The screening tests of hemostasis were developed to help identify
patients with hemostatic defects that could cause excessive bleeding.
Screening tests are available for each of the three phases of
hemostasis: coagulation (fibrin clot formation), platelet plug formation, and fibrinolysis.
In general, the tests are sufficiently sensitive to be abnormal in most
patients with a hemostatic defect severe enough to cause bleeding.
However, they occasionally are overly sensitive and may be abnormal due
to disorders that do not cause hemorrhage.
These tests are used very commonly in clinical medicine, both to
help predict hemorrhage at surgery and to identify specific defects in
patients with a history of excessive bruising or bleeding. Based on
this information, appropriate therapy can be administered, such as
fresh frozen plasma or clotting factor concentrates for coagulation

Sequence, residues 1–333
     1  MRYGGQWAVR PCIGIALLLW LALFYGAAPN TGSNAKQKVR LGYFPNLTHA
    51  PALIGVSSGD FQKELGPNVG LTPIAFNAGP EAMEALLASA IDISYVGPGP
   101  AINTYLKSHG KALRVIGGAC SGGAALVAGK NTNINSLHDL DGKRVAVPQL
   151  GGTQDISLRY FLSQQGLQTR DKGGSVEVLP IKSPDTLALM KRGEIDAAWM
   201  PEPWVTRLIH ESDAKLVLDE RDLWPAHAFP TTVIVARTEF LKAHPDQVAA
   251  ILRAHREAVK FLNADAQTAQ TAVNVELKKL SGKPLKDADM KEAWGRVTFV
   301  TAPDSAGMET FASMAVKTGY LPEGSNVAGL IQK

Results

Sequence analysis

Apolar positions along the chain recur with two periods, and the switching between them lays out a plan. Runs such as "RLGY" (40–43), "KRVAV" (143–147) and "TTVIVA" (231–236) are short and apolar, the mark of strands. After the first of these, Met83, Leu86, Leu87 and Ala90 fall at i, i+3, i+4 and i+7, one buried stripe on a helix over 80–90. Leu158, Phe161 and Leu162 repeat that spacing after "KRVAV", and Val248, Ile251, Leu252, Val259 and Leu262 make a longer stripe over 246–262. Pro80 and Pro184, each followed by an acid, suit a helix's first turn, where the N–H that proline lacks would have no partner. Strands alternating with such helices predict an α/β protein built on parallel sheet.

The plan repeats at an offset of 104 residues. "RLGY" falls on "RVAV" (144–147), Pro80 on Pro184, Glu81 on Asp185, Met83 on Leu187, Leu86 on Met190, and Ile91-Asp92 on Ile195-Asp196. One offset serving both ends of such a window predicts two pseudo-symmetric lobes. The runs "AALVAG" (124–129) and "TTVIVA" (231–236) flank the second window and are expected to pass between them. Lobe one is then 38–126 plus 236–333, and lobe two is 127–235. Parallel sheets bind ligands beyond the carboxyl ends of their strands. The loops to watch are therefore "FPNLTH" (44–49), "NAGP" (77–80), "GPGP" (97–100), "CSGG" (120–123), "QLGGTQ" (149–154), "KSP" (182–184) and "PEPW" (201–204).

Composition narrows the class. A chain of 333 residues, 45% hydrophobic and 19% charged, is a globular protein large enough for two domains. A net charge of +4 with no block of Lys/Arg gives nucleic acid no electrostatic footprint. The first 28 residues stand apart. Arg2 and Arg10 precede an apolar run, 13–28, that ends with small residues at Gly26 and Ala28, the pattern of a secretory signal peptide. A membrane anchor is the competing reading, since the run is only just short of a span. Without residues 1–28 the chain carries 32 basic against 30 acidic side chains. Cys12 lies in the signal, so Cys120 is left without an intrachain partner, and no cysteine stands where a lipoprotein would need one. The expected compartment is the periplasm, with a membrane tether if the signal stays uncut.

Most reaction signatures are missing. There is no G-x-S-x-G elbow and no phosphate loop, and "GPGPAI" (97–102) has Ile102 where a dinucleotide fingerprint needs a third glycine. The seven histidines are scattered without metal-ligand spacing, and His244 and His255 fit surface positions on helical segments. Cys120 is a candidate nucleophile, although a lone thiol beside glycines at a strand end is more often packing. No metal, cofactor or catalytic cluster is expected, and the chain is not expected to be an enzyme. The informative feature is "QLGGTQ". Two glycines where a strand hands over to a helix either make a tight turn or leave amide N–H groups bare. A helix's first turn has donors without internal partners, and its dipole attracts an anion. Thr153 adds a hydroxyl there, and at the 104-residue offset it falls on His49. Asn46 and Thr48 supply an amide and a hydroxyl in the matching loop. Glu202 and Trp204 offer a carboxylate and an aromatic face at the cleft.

defects, platelet transfusions or von Willebrand factor concentrates
for platelet function defects, or antifibrinolytic agents for systemic
- Given values for the PT/INR, PTT, TT (thrombin time),
fibrinogen concentration, and platelet count, be able to construct an
appropriate differential diagnosis of possible disorders giving rise to
- Given values for various clotting
factor concentrations, be able to predict which screening tests of
coagulation will be abnormal.
- Be able to explain how a 1:1 mixing study can distinguish a clotting factor deficiency from an inhibitor of coagulation.
- Be able to explain the utility and derivation of the INR.
- Be able to compare and contrast three tests of platelet function - bleeding time, PFA-100, and platelet aggregation studies.
- Be able to diagram the formation of the D-dimer and explain its utility in diagnosis venous thromboembolic disease.
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